If you go to India, China, Indonesia and Africa, they will say climate change is a problem created by the West. It was created by rich countries who appropriated all our resources when we were poor and weak, ”explained Ghosh.

He recalled that climate change could not be envisaged without the past and that it is fundamental that rich countries take into account historical emissions.

Rich countries are constantly trying to talk about greenhouse gas emissions today. They try to ignore historical shows. It is absolutely fundamental that they take historical emissions into account, and that is exactly what the countries of the South have always said.

We see such a marked division in the West (where) climate change is always about the future in the Global South and even among the poor in America these issues are completely framed in relation to issues like imperialism, racism and the stories that create these problems, he added.

In his book, Ghosh repeatedly pleads not only for the tribes and communities that have fallen victim to imperialism, but also stresses the need to consider the impact of human actions on non-human entities. including plants, animals, mountains and oceans, for the well-being of the planet.

In any case, it is increasingly clear that the Earth can and does act, except that its actions take place on time scales that reduce the 400-year gap between 1621 and 2021 the climate changes of our era do are nothing but Earth’s response to terraforming, he says in the book.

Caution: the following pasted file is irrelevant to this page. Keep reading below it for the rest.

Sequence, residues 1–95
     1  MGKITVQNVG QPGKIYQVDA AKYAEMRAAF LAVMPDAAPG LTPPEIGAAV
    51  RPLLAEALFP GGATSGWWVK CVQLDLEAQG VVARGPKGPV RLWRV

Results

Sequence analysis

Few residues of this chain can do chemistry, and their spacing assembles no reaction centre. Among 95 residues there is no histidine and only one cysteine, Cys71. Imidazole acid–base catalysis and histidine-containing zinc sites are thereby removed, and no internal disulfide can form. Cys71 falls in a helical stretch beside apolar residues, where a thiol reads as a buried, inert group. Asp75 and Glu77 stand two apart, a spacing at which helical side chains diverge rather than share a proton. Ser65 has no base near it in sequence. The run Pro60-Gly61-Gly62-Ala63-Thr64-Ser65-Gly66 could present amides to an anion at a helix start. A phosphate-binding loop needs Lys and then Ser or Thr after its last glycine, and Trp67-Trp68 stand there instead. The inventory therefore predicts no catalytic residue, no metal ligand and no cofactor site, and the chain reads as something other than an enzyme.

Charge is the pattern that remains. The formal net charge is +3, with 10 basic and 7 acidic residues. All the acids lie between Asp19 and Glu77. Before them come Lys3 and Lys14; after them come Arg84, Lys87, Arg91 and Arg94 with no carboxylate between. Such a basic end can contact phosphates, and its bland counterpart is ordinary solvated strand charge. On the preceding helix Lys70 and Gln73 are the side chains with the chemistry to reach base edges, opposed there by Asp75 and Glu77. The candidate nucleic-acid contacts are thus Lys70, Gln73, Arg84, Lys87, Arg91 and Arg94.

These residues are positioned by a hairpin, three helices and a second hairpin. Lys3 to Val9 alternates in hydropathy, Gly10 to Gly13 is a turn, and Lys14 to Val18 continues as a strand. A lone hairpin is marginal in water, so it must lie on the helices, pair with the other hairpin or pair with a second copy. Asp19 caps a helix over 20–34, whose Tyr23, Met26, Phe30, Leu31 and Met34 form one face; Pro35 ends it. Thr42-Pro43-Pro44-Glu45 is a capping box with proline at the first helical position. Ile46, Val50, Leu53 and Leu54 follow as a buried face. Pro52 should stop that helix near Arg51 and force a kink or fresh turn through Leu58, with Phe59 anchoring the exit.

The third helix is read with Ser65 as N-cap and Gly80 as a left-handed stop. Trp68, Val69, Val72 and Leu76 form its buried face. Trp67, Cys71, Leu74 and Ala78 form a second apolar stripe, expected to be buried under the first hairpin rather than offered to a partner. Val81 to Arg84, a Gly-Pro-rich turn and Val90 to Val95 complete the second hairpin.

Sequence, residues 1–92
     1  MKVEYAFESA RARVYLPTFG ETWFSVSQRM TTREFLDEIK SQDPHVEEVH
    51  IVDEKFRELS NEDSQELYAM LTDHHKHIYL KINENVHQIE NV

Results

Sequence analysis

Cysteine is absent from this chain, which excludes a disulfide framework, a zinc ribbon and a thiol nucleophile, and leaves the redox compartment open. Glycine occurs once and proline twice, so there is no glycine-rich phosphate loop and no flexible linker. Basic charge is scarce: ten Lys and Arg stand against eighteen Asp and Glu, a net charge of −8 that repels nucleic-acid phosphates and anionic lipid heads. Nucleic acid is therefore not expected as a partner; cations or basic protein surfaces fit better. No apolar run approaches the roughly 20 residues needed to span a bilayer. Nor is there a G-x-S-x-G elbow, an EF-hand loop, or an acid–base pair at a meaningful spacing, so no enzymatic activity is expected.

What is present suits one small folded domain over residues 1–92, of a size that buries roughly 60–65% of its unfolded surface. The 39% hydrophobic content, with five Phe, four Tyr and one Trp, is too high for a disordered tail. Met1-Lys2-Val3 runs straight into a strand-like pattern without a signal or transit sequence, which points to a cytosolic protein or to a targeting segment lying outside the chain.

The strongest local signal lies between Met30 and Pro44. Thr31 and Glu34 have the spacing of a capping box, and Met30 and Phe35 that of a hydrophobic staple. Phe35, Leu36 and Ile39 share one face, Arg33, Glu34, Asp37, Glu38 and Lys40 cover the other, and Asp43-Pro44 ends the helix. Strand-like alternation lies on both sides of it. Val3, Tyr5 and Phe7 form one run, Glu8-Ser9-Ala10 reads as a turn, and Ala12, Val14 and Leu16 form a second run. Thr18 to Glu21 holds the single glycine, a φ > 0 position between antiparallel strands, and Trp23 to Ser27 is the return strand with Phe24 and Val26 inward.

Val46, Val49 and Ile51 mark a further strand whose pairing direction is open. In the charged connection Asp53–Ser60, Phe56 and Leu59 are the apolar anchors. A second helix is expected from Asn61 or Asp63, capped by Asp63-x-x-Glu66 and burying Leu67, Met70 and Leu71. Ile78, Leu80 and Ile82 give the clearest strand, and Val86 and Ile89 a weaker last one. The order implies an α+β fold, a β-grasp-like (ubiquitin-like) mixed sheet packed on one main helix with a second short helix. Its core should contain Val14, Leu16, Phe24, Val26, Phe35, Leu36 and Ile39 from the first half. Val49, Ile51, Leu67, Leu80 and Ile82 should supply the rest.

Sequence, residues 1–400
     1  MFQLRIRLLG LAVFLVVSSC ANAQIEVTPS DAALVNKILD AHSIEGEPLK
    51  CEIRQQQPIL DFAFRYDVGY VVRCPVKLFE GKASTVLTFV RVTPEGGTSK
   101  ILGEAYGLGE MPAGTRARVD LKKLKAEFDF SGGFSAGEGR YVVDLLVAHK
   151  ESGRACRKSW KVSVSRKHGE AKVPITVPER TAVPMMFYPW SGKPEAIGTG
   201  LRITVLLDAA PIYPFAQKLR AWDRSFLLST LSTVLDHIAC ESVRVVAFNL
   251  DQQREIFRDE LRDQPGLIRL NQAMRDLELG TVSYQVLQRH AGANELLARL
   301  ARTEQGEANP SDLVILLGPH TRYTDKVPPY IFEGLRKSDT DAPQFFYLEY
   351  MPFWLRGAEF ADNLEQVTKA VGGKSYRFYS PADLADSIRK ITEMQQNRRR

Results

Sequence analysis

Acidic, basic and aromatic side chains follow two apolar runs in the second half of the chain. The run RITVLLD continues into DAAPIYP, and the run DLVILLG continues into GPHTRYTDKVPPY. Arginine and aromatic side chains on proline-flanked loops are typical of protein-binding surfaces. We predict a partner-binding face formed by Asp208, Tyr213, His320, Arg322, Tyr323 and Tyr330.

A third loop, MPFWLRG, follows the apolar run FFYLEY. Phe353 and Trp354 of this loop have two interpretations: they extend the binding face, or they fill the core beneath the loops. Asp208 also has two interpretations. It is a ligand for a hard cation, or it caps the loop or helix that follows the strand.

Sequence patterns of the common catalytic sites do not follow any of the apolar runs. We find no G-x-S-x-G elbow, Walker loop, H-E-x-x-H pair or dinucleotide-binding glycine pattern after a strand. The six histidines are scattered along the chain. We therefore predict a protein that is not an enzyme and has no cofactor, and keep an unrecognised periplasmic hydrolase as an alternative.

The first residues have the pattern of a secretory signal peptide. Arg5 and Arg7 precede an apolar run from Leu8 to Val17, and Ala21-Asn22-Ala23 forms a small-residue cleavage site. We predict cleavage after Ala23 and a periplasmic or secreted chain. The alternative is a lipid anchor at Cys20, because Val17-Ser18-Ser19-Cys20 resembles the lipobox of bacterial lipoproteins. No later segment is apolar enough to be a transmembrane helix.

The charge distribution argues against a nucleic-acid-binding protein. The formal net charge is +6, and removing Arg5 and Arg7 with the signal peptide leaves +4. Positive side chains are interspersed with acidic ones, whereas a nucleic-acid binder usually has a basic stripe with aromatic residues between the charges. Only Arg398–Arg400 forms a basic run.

What is the instruction ?

I can’t really tell you which way to go in general, and I’m not particularly interested in it as such for myself. The thing that interests me the most is, what is the way forward for writers? What is the way forward in literature? How do we start to create literature for the world we currently live in?

And my answer to that is quite simple, I think what we need to start doing is what writers used to do in the past i.e. try to find to try to give voice to entities. non-human, he said in response.

Climate experts, political leaders and others will gather in Glasgow for the United Nations Climate Change Conference, also known as COP26, from October 31 to November 12.

The Nutmeg’s Curse, published by Penguin Random House India, hit the stands on October 14.